In our meta-analysis, use of glucocorticoids in patients with ARDS was associated with a significant reduction in hospital and ICU mortality and duration of mechanical ventilation. While there was no increased risk of hospital-acquired infections with glucocorticoid use, there was an increased risk of hyperglycemia. In trial sequential analysis, these findings could be secondary to a false-positive (type I) error, and further studies are needed for sufficient evidence as the required sample size was not reached by the available RCTs.
Current guidelines of American Thoracic Society/European Society of intensive care medicine/Society of Critical Care Medicine have strong recommendations for the use of low tidal volume (4–8 ml/kg of ideal body weight), limiting inspiratory pressure (plateau pressure < 30 cm H2O), and prone positioning in moderate-to-severe ARDS. Furthermore, the use of recruitment maneuvers and higher PEEP strategies have conditional recommendations in patients with moderate-to-severe ARDS. In addition, glucocorticoids have a conditional recommendation in early moderate-to-severe ARDS, and their use is still controversial [6, 19].
There are three distinct phases in the development of ARDS including exudative, proliferative, and fibrotic phases . As lung fibrosis is associated with increased duration of mechanical ventilation and increased rates of mortality, steroids are considered a potent anti-inflammatory agent that can attenuate the inflammatory process and subsequently decrease further lung injury and fibrosis .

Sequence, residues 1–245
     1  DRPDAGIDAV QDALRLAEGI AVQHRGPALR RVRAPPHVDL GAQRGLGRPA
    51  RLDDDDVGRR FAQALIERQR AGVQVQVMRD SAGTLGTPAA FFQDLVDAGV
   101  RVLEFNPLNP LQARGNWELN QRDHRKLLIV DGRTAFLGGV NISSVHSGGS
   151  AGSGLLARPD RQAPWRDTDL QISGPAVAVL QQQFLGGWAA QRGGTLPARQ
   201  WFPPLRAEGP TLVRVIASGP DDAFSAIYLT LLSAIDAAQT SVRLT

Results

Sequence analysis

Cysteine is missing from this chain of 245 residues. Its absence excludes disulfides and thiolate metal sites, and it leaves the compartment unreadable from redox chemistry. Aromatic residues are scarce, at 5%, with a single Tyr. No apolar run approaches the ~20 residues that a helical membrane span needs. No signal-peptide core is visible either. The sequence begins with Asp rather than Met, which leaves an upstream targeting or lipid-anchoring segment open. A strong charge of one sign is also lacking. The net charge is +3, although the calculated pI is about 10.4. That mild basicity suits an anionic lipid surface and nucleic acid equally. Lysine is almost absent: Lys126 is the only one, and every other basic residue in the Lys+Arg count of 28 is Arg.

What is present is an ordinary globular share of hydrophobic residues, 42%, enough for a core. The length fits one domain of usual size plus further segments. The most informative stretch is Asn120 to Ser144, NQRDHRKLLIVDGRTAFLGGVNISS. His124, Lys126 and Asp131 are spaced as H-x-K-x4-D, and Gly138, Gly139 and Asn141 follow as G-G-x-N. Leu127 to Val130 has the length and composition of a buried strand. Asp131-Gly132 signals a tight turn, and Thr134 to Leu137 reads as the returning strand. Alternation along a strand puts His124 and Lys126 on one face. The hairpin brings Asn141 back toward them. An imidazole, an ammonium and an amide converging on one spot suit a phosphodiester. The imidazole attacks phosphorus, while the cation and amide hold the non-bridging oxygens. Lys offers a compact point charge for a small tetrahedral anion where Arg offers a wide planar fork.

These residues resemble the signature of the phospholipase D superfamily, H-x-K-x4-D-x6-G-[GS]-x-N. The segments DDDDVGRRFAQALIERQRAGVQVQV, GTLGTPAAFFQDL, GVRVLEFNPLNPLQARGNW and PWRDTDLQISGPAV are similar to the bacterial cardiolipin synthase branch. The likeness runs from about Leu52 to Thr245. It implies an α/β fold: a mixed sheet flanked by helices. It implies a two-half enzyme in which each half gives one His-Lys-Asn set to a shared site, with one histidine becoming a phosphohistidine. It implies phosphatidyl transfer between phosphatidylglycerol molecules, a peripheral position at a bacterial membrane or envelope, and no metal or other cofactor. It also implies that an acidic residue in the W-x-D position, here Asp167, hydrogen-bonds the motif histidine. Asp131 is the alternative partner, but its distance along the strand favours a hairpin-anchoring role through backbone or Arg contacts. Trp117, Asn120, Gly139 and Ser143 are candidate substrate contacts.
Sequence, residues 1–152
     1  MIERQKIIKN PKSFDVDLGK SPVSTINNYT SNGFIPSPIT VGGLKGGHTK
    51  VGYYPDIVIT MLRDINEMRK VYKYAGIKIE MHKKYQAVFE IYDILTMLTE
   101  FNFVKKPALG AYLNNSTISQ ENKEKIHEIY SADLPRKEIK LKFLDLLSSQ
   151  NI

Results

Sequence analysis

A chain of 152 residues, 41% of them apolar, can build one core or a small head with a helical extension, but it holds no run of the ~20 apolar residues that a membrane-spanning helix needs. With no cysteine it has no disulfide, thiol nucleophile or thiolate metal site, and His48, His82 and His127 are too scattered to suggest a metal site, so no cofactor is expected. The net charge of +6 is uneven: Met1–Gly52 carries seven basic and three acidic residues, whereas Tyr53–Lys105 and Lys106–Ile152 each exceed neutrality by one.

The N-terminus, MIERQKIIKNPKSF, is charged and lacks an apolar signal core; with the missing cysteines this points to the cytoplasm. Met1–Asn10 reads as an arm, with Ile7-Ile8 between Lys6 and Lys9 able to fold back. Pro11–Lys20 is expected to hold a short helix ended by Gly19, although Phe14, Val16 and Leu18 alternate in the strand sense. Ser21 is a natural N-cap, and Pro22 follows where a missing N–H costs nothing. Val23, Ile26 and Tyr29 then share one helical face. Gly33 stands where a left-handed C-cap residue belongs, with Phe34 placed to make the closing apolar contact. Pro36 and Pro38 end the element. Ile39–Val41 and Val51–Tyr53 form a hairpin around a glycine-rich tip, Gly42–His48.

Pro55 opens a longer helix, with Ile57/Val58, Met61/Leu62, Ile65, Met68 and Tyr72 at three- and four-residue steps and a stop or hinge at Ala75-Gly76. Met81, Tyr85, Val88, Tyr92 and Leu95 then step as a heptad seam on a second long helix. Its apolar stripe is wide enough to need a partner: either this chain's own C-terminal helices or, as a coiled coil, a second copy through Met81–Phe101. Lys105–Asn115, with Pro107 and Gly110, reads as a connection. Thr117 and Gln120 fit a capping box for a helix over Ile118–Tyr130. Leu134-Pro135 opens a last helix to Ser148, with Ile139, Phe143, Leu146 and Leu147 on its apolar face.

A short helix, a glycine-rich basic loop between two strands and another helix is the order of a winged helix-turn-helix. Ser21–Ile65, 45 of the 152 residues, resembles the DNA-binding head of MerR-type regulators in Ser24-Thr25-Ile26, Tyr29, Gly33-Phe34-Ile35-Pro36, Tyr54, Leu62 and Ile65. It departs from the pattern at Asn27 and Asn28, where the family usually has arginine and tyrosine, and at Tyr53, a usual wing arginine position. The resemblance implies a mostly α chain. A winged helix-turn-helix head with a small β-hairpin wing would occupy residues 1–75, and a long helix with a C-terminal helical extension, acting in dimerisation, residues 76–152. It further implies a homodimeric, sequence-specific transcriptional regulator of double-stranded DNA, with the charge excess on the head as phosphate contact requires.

A recently published randomized controlled trial revealed that early use of dexamethasone in patients with moderate-to-severe ARDS was associated with a significant reduction in mortality and duration of mechanical ventilation . Similar results were noticed in patients with sepsis or septic shock with moderate-to-severe ARDS treated with methylprednisolone in comparison to placebo . In these two recent trials, glucocorticoid use was evaluated with lung protective mechanical ventilation and low tidal volume, as opposed to the other trials conducted before 2005 where low tidal volumes were not implemented in the trial protocols. This strategy which limits tidal volume to 4–8 ml/kg of ideal body weight and alveolar pressure to less than 30 cm H2O showed a significant reduction in mortality and increased number of ventilator-free days at day 28 .
In our subgroup analysis, we found that there was no mortality benefit in studies that evaluated glucocorticoids without a lung-protective ventilation strategy likely secondary to worsening lung injury. High tidal volumes delivered to an already injured lung may worsen lung injury leading to alveolar rupture, air leaks, and barotrauma with worse clinical outcomes [20,21,22]. Furthermore, we found that late administration of glucocorticoids (after 7 days of ARDS onset) was not associated with improved outcomes despite lower risk ratio (0.52) but with a high p value, a finding that is limited by the low number of patients and studies in this subgroup (2 studies, 204 patients). However, this supports the concept that steroids exert their action through downregulation of the inflammatory response and decrease alveolar capillary permeability which occurs early in the exudative phase and is linked to lung injury . In exploratory meta-regression, we found that patients who were treated with prolonged duration of glucocorticoid administration and received higher PEEP had lower ICU but not hospital mortality; a finding that is limited by the low number of studies that reported ICU mortality and needs to be examined in further trials.